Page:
Shutdowns (SD) and Meltdowns (MD) were created as an alternative to Saves and Blown Saves in an effort to better represent a relief pitcher’s value. While the Save rule is odd and complicated, Shutdowns and Meltdowns strip away these complications and answer a simple question: did a relief pitcher help or hinder his team’s chances of winning a game? If they improved their team’s chances of winning by a certain amount, they get a Shutdown. If they instead made their team more likely to lose by a certain amount, they get a Meltdown.
While Shutdowns and Meltdowns are a fairly simplistic tool, but they offer an opportunity to evaluate pitchers who don’t pitch in the “closer’s role” and provide a way to judge “closers” when they pitch in non-save situations.
To determine if a pitcher has earned a Shutdown or Meltdown, you simply need to check their Win Probability Added (WPA) for the game in question. WPA is a measure of how much the team’s Win Expectancy changed while a given pitcher was on the mound. If you enter a game with a WE of 84% and exit the game with a WE of 94%, the pitcher is credited with +0.10 WPA. If you enter with a WE of 64% and leave with a WE of 46%, the pitcher earns -0.18 WPA.
In order to delineate between outings of consequence and those without much, relievers only earn Shutdowns if they register a WPA of +0.06 or greater in a given game. The same is true on the negative side of the ledger, earning a Meltdown if they produce a -0.06 WPA or lower during a game.
Keep in mind that Win Expectancy is based on the odds an average team would win on average, so if the 2001 Mariners were playing the 2003 Tigers, WE would treat a 4-0 game in the 9th the same as if two very equal teams were in the same situation. Additionally, a WPA of 0.40 and 0.08 both earn a Shutdown, even though the former is very likely a more impressive performance.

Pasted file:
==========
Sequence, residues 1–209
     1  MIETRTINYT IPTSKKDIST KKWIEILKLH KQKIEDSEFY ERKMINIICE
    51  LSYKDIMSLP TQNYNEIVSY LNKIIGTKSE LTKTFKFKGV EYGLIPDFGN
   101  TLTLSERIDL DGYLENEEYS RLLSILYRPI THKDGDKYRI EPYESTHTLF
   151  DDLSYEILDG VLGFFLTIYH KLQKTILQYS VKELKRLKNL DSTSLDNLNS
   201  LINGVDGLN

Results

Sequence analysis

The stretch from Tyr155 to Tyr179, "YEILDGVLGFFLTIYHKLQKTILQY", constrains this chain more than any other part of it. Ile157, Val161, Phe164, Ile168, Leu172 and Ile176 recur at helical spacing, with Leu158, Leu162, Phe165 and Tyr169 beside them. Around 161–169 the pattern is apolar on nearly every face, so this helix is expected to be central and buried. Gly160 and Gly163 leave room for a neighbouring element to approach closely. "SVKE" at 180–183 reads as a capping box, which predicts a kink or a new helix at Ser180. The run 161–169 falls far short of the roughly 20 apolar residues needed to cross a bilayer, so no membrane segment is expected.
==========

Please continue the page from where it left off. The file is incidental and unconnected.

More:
Shutdowns and Meltdowns provide a useful counting stat for relievers. Saves are often considered the reliever gold standard by the population at large, but Saves are not a useful statistic for evaluating relief pitchers because you can only earn Saves in very specific situations, and can pitch poorly while earning a save or pitch very well and not earn one.
Shutdowns and Meltdowns give you a way to glance at a reliever’s stat line and determine how often they register a good or bad outing. Good relievers generally have a high SD/MD ratio, and Shutdowns and Meltdowns communicate reliever performance in a discrete way rather as run values like ERA, FIP, or RE24. Shutdowns and Meltdowns correlate very well with saves and blown saves; in other words, dominant relievers are going to rack up both Saves and Shutdowns, while bad relievers will accrue Meltdowns and Blown Saves. But Shutdowns and Meltdowns improve upon SVs/BSVs by giving equal weight to middle relievers, showing how they can affect a game just as much as a closer can, and by capturing more negative reliever performances.
How To Use SD/MD:
Generally, SD/MD line up well with Saves and Holds in terms of the number you would expect from a good reliever. 35-40 Saves is often the target for a good closer, and the same would be true for relievers looking to accrue Shutdowns.
You do want to keep in mind that not all Shutdowns (or Meltdowns) are created equally. A +0.40 WPA game and a +0.07 WPA game each earn a single Shutdown, to say nothing of the fact that Win Expectancy is based on average teams in average situations, not the two specific teams in the specific contest. The best three hitters on a team with a platoon advantage are a much taller task than the bottom of the order, but that information isn’t included when looking at Shutdowns and Meltdowns.
Think of Shutdowns and Meltdowns as a simple way to determine whether or not the pitcher had an effective outing or not. They don’t necessarily tell you if a pitcher pitched well, but they do tell you if the team had good outcomes when the pitcher was on the mound in a particular game. Over a full season, you will typically see good relievers rise to the top and bad relievers sink to the bottom, but like any other statistic, the results won’t be perfect reflections of the truth.
The +/- 6% cutoff puts SDs and MDs on a similar scale as saves and holds, meaning 40 shutdowns is roughly as impressive as 40 saves or 40 holds. Dominant closers or set-up men will typically have 35 to 40+ shutdowns and a handful of meltdowns.
Meanwhile, meltdowns are more common than blown saves, and they can happen to both closers and non-closers alike. The worst relievers will rack up around 10 to 15 meltdowns in a season.
Links for Further Reading: